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Current Position: Head of Manufacturing for Precision Biosciences
I chose Gwynedd Mercy University because I truly felt at home during my visit as it had the small school appeal that I was looking for. GMercyU also offered me the best package of tuition assistance, academics, and proximity to my hometown so I could easily go home and visit whenever I wanted to.
I really enjoyed the GMercyU campus and the close-knit community of students. From attending basketball games, to all the social events, there was seemingly always something happening on campus that you could attend that night.
GMercyU will afford you the experience to go in any direction you want to after you graduate. You will be able to go into teaching, go to grad school, go to medical school, or enter the work force like so many of us do.
I was always drawn to STEM and knew I would major in either in a science or a mathematics degree. I had a teacher in high school named Suzanne Camp that shaped my love of science through her teaching. My sophomore year of high school she taught my chemistry class and after that year I knew what I wanted to major in in college.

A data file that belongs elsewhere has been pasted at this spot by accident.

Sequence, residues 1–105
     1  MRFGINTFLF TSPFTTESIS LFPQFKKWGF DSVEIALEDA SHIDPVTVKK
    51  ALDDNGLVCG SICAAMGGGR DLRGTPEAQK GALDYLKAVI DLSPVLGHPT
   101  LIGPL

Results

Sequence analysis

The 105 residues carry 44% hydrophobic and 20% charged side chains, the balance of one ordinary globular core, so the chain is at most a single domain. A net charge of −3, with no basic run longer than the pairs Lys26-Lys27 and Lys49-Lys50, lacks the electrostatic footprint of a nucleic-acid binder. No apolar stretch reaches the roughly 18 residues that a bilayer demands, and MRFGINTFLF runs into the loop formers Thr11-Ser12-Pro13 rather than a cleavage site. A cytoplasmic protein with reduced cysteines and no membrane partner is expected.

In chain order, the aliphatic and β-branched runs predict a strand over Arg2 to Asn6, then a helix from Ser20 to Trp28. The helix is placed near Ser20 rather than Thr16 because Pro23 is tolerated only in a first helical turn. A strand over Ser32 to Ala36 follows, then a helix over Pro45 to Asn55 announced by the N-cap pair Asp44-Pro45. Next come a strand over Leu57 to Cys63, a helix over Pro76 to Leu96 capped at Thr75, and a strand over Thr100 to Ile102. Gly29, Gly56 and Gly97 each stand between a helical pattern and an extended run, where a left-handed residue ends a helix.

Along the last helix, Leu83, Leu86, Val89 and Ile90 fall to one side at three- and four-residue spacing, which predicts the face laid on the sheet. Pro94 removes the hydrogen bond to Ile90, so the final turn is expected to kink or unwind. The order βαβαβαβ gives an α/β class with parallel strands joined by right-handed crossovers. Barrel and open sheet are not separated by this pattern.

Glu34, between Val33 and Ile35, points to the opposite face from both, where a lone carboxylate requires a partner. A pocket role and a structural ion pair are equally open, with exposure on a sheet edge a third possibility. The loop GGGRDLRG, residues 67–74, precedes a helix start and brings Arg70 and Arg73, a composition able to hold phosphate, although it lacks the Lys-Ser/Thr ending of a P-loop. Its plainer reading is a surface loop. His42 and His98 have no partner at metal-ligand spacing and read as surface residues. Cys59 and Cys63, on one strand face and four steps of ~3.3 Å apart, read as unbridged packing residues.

My experience in GMercyU's Biology program was a great one. The academics were challenging, but the core teachers really knew how to get the best out of their students and challenge us each day. The wealth of knowledge in that department of professors was apparent from the first class in Biology 1.